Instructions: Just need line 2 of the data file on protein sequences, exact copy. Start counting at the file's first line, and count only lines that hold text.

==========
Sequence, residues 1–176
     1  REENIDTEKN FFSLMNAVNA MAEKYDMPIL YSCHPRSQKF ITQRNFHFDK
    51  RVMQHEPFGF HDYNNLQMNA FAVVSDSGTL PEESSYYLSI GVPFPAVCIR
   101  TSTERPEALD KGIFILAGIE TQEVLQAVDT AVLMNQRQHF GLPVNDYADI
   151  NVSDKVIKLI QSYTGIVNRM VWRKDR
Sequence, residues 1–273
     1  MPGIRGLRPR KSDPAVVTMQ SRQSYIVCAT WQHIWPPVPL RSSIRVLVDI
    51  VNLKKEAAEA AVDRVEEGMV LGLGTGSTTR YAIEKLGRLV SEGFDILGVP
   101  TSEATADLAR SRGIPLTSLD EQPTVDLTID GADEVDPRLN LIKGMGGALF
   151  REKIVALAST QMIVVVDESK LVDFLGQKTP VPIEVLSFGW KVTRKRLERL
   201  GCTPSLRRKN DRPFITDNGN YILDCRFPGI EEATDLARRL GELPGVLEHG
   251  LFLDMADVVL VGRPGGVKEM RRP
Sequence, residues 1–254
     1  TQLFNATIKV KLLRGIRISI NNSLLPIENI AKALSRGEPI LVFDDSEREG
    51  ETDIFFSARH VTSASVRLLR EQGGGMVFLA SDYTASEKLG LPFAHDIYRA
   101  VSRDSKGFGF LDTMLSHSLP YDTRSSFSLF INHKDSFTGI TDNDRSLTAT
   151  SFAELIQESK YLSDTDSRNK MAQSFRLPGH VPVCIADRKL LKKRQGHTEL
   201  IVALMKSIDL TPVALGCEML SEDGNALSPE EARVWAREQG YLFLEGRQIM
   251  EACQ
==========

     1  REENIDTEKN FFSLMNAVNA MAEKYDMPIL YSCHPRSQKF ITQRNFHFDK